The technology is called Digital Outer Mirrors, and even though the camera housings replicate the design of traditional mirrors, there's more to this solution than meets the eye. The cameras automatically shift their focus to the appropriate area when the driver activates their turn signals or puts the vehicle in reverse.
Here in the US, the technology has yet to be made legal, though vehicles are already being sold with video screens that replace the center rearview mirror.More news: Russian Federation launches biggest ever war games involving China
Essentially, the side mirrors are cameras, and the live feed is displayed on left and right screens inside the cabin. They provide enhanced views of the area around the vehicle at night and in inclement weather.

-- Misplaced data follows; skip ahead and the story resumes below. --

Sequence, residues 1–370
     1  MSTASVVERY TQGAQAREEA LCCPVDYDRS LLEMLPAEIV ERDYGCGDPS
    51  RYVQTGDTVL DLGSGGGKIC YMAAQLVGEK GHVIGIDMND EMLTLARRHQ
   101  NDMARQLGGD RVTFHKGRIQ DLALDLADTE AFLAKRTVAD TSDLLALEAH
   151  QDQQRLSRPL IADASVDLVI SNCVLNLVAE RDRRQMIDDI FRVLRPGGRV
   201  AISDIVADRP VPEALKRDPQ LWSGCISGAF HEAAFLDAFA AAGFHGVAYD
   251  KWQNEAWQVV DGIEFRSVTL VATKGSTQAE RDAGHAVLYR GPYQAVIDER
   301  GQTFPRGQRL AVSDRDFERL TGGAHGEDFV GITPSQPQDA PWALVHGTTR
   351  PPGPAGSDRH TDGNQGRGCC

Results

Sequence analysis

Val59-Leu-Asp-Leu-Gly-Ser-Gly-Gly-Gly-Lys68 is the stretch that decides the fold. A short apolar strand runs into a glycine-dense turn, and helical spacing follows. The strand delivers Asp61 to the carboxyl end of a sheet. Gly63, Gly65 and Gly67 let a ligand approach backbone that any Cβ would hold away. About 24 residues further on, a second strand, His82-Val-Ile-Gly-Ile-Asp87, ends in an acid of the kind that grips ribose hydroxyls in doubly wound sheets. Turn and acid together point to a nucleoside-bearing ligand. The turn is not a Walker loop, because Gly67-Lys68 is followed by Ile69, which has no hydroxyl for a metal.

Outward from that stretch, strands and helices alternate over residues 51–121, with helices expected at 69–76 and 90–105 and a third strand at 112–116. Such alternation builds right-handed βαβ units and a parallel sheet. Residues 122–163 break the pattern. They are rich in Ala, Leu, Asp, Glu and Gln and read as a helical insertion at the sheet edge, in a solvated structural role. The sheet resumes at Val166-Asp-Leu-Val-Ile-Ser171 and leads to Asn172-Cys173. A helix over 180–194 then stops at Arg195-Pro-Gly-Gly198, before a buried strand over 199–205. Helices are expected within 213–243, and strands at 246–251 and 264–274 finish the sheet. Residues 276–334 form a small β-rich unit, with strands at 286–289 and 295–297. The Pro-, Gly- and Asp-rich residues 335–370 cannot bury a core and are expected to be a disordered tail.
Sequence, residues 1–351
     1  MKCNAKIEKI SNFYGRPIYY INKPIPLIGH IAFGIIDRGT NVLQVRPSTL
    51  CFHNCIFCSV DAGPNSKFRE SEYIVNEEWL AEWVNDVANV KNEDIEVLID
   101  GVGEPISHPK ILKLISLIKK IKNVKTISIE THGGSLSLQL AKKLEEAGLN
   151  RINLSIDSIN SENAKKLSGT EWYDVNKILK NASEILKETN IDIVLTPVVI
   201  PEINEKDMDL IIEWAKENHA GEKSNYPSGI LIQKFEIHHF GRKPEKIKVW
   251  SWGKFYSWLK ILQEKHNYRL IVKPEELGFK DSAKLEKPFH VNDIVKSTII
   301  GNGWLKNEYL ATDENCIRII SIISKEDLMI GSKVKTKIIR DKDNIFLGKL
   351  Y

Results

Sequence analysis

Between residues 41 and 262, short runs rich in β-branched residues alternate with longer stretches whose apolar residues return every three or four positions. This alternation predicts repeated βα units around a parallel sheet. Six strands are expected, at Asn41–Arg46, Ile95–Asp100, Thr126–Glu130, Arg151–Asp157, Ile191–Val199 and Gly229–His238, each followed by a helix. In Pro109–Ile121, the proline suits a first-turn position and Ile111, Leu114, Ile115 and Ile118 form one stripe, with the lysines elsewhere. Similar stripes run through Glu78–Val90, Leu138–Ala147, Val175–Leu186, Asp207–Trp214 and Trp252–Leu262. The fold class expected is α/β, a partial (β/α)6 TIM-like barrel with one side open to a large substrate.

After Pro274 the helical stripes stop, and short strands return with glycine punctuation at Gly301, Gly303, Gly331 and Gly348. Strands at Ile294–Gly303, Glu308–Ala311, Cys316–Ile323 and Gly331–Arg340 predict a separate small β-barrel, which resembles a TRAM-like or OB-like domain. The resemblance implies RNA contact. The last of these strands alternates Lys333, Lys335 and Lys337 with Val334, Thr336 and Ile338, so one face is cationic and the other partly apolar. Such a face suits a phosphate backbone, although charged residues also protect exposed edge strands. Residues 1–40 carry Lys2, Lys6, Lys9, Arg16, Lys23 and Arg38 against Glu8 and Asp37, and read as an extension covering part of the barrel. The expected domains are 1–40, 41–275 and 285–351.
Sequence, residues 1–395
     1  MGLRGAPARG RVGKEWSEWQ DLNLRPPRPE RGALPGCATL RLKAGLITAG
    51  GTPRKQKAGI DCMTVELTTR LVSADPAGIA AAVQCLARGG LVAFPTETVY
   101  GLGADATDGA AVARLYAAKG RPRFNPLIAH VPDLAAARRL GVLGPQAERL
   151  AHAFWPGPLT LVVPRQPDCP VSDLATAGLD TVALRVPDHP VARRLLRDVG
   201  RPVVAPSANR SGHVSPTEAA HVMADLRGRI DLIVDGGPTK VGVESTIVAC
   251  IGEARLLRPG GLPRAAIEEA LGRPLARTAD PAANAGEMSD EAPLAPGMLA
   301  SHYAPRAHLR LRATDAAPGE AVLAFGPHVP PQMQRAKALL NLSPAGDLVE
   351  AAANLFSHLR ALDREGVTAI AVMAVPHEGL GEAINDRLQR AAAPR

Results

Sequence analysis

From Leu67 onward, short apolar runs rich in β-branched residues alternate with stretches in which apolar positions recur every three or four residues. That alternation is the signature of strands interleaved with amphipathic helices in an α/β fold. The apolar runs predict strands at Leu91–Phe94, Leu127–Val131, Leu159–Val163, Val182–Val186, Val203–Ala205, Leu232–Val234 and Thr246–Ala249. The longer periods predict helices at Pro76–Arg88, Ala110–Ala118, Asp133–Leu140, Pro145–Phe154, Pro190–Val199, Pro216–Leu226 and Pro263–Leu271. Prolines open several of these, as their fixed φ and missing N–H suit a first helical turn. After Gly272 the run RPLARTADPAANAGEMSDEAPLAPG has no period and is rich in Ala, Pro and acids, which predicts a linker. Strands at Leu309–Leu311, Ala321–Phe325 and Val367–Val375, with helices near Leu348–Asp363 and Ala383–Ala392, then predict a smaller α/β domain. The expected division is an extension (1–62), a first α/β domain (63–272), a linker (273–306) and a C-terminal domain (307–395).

There are various benefits to doing this, from better peripheral vision and better field of view, to reduced wind noise and better aerodynamics.More news: Trump says Puerto storm response ‘unappreciated’
The digital mirrors will make their debut on the new ES, which will go on sale in late October.
According to Lexus, they also give the driver an expanded view of the car's surrounding area by augmenting the display during cornering or reversing. Lexus is exploring the possibility of offering the tech for the American market, but a spokesperson couldn't say when it might be available, as timing will depend on federal safety regulations that have yet to be determined.More news: Putin Proposes Peace Treaty With Japan Before Year's End